Local historian and conservationist Bruce Huett, a core member of the Waterlight Project team, updates us on the latest successful milestone — the local (and national!) premiere of the film we’ve been working on throughout the project.
Over fifty people crammed into the upper room at The Plough in Shepreth to watch the first showing of the Waterlight film of the river Mel. Expectations were high as many of those present had helped to fund the project. After the excited hum of attendees exchanging experiences of the river and their involvement in the film all went silent as the lights dimmed and the opening sequence started with gentle sound and evocative images of the river. All was quiet for the forty-odd minutes of the film. When it ended there was a spontaneous eruption of applause and the lights went up to reveal an audience enraptured by the film.
A brief discussion period elicited only praise for the production and stimulated some discussion on issues of water levels and problems of extraction and potential danger to wildlife. Representatives from the River Mel Restoration Group were able to give the audience the benefit of their extensive understanding of the issues and the efforts they were taking to ensure the Environment Agency was aware of the situation and were taking action.
We were lucky to have representatives from local conservation groups including the Melwood Conservation Group, Cam Valley Forum and the Cambridge Conservation Initiative.
The Melwood representative described the film as “really lovely- actually very moving at times! We thought that the balance between speech, poetry, music and visuals was just right — and the poetry was especially enjoyed.”
The chairman of Cam Valley Forum, an organisation supporting river conservation in the Cam Valley, posted on our website “Your poetry and the Waterlight film were greatly enjoyed by everyone. I thought the eclectic mix of genres in the film was so special and genuinely unique in my experience. It was a wonderful word and picture image of ‘place’ and human belonging, of local history, social history, natural history and much more. The weave of the stream’s images and sounds with your descriptive poetry was technically excellent and deeply memorable. I can’t wait to see it again.”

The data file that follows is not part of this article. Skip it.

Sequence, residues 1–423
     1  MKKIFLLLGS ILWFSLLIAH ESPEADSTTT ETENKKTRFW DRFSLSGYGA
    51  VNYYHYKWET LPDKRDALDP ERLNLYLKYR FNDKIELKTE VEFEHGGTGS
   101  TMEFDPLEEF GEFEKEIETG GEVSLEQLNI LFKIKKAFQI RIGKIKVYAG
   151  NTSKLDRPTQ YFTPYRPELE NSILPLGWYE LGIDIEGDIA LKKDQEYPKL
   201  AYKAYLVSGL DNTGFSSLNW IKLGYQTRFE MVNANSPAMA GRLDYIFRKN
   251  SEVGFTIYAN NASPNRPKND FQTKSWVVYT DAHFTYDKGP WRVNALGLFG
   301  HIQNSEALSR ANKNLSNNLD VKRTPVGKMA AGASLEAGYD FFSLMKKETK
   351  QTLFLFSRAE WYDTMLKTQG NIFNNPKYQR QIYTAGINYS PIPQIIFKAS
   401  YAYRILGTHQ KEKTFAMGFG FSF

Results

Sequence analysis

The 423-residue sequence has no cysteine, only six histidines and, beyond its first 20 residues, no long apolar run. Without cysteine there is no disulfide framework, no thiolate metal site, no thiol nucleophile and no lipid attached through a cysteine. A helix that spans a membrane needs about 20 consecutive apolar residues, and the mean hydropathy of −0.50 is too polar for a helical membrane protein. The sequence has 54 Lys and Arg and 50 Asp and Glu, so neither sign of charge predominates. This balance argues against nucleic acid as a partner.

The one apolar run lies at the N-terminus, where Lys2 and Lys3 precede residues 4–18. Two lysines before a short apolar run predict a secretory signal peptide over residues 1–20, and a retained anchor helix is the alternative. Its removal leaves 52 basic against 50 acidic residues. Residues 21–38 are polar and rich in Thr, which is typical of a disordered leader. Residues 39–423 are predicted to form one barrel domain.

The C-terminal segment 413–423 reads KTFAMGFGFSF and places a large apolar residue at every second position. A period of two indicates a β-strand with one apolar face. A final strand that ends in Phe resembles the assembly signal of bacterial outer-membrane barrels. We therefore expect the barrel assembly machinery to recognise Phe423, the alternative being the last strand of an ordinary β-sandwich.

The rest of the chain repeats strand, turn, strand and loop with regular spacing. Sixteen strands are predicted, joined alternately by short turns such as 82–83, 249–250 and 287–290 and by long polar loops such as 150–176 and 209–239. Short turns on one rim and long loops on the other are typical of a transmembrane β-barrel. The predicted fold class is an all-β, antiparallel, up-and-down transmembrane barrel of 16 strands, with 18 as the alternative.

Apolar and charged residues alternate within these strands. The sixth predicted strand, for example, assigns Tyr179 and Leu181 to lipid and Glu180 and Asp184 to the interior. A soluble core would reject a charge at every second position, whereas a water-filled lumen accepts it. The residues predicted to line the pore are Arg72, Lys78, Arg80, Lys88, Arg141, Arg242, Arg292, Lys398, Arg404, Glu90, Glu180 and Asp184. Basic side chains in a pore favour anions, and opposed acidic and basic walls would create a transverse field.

The wanting to see it again was something expressed by several of the attendees and we are hoping for a good attendance at the next showing a the Melbourn Community Hall at 8pm on 25th July.
We were very glad that many of those who had sponsored or helped to fund the film were present. They were unanimous in their appreciation that the money had been well used to provide a community asset. The representative from TPP (a major science research company in Melbourn, who was a significant sponsor) lived locally and said that the film would encourage him to spend more time with his family exploring this wonderful local environmental resource. He described the film as “very loving, a visual caress”. The company wrote: “it sounds like the perfect piece of history for the village to treasure!” — exactly what we were trying to achieve: a heritage resource as well as something to be enjoyed now.
Others described the content as “captivating”, “mesmerising”. The event also provided opportunities to investigate wider showing of the film and there is a possibility that it will be shown at DEFRA (the government department responsible for the environment), at a Cambridge Conservation Initiative venue in Cambridge and a Cam Valley Forum event as well as festivals etc.
We were very appreciative of the support given by the owners of The Plough. They were very welcoming and supportive and also helped out with ensuring the AV worked well, etc. An excellent venue with a great range of beer and beverages!
We are delighted that this first step in the film distribution has been so successful and we are now planning exciting further distribution plans. Watch this space! In fact, as I write this we have excellent feedback from fellow project team member, filmmaker James Murray-White, who has been showing the film during a visit north:
“Very positive screening here this afternoon at Expressing the Earth, with the Scottish Geopoetics Institute here in the Borders… Most folk loved the range of ways we covered the river, and the organiser raved about it showing off the best of British folklore culture, something he craves as a Gaelic speaker from the Isle of Luing. And one of the participants, a film-poet, was in tears: turns out she grew up in Melbourne and it took her right back to a happy childhood in the Mel! She’d love to join us for a screening some time, when she’s back in Cambridge.”
Included as part of the screening was this extract from the film: Waste features Clare Crossman reading one of her poems to highlight problems of waste and pollution of our watercourses, such as the Mel.